There's lots of things like that we will try and do support staff and be that balance sheet, because it builds the credibility that gets you a space at the table to think. We’re moving towards an internal management consultant function rather than just showing people how to use it ; we’re trying to move to back-office functions as well. We’re talking to finance colleagues about automation with an integrated scorecard, so that you’ve got one point for information for finance, operations,and HR, all in one dashboard. I'm a strong believer that the back office should be managed as a part of a strategy towards managing operational costs and defining quality.
SCAS utilizes the NHS Pathways system, a robust clinical triage tool widely used across the UK, to assess and prioritize emergency calls. The system employs a series of structured questions to gather relevant information from callers, allowing call handlers to make informed decisions based on the severity and urgency of the situation. staff undergo extensive training to help determine the best response for patients, and the Business Information team takes pride in the value of data certainty for both staff and patients.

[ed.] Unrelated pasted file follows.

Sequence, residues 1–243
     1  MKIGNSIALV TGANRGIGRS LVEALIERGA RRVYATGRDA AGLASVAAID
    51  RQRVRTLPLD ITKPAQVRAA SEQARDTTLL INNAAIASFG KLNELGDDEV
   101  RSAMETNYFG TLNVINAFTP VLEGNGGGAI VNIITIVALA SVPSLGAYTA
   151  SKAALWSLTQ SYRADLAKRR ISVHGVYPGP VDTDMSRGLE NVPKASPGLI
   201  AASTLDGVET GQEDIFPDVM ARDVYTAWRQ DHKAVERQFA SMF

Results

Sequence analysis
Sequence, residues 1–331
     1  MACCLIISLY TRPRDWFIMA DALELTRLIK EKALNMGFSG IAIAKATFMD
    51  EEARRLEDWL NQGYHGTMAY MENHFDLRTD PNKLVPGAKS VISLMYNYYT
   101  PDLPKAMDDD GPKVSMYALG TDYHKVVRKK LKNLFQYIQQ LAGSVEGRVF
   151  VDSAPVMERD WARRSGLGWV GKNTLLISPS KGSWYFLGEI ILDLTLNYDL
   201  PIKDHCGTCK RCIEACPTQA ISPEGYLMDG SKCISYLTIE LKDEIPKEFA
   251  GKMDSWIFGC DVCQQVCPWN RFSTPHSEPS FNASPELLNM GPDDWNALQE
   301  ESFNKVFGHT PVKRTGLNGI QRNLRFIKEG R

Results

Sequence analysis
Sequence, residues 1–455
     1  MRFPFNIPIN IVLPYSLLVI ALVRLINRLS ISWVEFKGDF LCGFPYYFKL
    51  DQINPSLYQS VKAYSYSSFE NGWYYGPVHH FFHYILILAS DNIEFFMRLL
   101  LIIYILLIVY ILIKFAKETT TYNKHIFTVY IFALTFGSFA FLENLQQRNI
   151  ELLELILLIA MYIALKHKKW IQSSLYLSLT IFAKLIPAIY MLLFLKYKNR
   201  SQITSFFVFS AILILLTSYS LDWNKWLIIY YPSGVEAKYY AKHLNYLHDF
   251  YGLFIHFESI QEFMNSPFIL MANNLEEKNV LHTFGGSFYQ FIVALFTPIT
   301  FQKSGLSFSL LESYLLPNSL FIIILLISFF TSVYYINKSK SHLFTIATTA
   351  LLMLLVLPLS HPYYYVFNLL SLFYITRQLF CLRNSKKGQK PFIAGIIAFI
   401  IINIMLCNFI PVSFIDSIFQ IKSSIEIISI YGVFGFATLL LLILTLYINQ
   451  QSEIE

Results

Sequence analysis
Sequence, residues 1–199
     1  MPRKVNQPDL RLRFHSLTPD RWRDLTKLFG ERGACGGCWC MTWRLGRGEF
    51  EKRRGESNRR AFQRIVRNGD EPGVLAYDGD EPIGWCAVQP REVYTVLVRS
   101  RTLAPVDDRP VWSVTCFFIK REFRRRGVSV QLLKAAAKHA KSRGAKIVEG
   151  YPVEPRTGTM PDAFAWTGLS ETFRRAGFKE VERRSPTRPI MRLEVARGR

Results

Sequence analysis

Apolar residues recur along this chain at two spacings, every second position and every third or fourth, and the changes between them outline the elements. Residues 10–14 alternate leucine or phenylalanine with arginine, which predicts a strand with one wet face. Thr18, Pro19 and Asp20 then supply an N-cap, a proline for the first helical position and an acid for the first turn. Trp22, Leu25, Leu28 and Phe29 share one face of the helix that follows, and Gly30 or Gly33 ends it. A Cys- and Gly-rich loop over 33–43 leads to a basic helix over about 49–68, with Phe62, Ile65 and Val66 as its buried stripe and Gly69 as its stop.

We do a lot of good analysis around the triage pathway – for example with category threes and fours, we are able to quantify and analyse aspects that can not only stop 150 to 200 ambulance dispatches per day, but gets people the help they need from either their doctor, pharmacy, out-of-hours services. Firstly, it's better for the patient, because they're getting the right treatment. Secondly, it's faster, it's safe, the ambulance crews can go out to the right patients – and over time staff start to see that the information exchange can lead to cultural and behavioral change in the system. It's fascinating when you can take the clinical aspects of it and overlay it with cultural, social, ethnicity, and age demographics. In the end, your healthcare service is there to look after people – some of whom are in the most dire times of their lives. We’re there to be allies to those staff.
Throught the discussion, it was evident from Mortimores' enthusiasm how much the Business Information team want to make a difference to the wellbeing of staff, as well as the millions of patients within the service's care. It's all very well saying "it's all about the data" when looking at the challenges faced by the NHS, but once again, culture and change comes to the fore in these experiences. Along with trustworthy data, relationships are equally vital to add that certainty to change the way information is used. Building trust and relationships that lead to culture change is a very long journey. However, there's no question that the time saved by getting the best use from data empowers staff to save lives in the community.